The limitations of reason as they have been observed since Plato and Aristotle Logic–The art of thinking and reasoning in strict accordance with the limitations and incapacities of the human misunderstanding. Reason is an historian, the passions are the actors. Few can reason, all can feel; and such an argument is gained, as soon as it is proposed. You can only find truth with logic if you have already found truth without it. All theory is against freedom of the will, all experience for it. Man’s sensitivity to little things and insensitivity to the greatest are signs of a strange… Read more »

ProZNoV
ProZNoV
Reply to  Ris_Eruwaedhiel
6 months ago

Agreed, but it’s even more primitive than that. Read “Behave” by Robert M. Sapolsky

Vegetius
Vegetius
6 months ago

Abductive Logic = Ockham’s Razor ?

Johnny555
Johnny555
Reply to  Vegetius
6 months ago

Those who dont really have much of an argument hide in the needlessly large or opaque words. Lol. Zmans approach to the lie of evolutionary theory, which is a joke scientifically and mathematically, also displays this flaw. Again, self reflection is in order.

MemeWarVet
MemeWarVet
6 months ago

A sober analysis that makes Greg Johnson’s extremely disappointing column from yesterday (in which he calls out Z by name!) easier to swallow.

The issue we sane folk run into is that 99% of the social media buzz on this topic accepts the deep state framing of the issue. We won’t be able to reach people until after the damage has been done.

Exile
Exile
Member
Reply to  thezman
6 months ago

Good example for a post I’m grinding on re: how to handle disagreements and in-fighting. Greg has a catty style that rubs me the wrong way but he’s still an ally. 9 out of 10 times it’s better to take the high road and ignore the personal beefs. It’s just the right thing to do, the manly thing to do, and from a practical standpoint, it keeps your record clean when people are keeping score later. I say this as someone who loves social blood-sport too much and has talked as much trash as anyone. It’s something I’ve learned through… Read more »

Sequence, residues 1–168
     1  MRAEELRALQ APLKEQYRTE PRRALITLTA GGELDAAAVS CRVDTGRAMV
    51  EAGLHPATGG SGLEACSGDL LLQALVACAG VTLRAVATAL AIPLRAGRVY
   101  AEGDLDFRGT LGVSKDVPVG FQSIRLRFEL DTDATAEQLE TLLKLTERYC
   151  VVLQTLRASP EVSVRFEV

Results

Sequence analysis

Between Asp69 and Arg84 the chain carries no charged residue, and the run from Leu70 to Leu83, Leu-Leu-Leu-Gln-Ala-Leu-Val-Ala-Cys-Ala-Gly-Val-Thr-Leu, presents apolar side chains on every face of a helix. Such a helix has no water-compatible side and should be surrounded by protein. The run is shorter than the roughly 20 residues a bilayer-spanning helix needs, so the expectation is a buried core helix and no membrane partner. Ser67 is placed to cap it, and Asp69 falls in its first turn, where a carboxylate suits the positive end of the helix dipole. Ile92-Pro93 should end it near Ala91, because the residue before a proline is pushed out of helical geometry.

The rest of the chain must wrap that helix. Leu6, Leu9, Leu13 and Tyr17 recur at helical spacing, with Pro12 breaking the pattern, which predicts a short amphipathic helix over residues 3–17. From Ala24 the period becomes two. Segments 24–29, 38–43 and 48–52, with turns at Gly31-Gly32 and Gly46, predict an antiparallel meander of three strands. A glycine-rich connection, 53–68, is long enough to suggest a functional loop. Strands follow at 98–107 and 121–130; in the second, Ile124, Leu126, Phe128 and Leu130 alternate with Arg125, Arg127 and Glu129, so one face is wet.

Johnny555
Johnny555
Reply to  thezman
6 months ago

Someone can disagree with you and you can remain friends, wow what a big concession on your part. Jesus Christ man, do you even hear yourself? Check my past comments, I bet I was the first one of your readers to ever mention what was happening in china.

Bartolo
Bartolo
Reply to  thezman
6 months ago

Greg is right and you are wrong. The thing is, with suicides or the flu we know, by experience, that the number of victims stays within a limited bandwidth (barring exceptions like the Spanish flu). *They don’t have the potential to explode and cause millions of deaths. A new and highly contagious virus like this DOES HAVE that potential.* During the first days of the Black Death, the Justinian Plague etc., any one could have said: “Commonly occuring diseases X, Y and Z cause more deaths than this new bug!” – and be right. But only at the beginning.

Bartolo
Bartolo
Reply to  thezman
6 months ago

It has been addressed alright, just not convincingly. Look, I am a fan, and will remain one even if you call my comments dumb. But, as Cromwell said, “I Beseech You, in the Bowels of Christ, Think it Possible You May Be Mistaken”. Of course, you might be right in the end, after all. There is a lot if uncertainty. But the situation is not nearly as clear cut as you believe and erring on the side of caution is better.

Bartolo
Bartolo
Reply to  thezman
6 months ago